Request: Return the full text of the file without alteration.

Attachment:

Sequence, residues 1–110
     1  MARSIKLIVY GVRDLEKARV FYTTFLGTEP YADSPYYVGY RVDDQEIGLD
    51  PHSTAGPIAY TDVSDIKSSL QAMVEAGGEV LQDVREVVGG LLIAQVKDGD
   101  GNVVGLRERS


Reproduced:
Sequence, residues 1–110
     1  MARSIKLIVY GVRDLEKARV FYTTFLGTEP YADSPYYVGY RVDDQEIGLD
    51  PHSTAGPIAY TDVSDIKSSL QAMVEAGGEV LQDVREVVGG LLIAQVKDGD
   101  GNVVGLRERS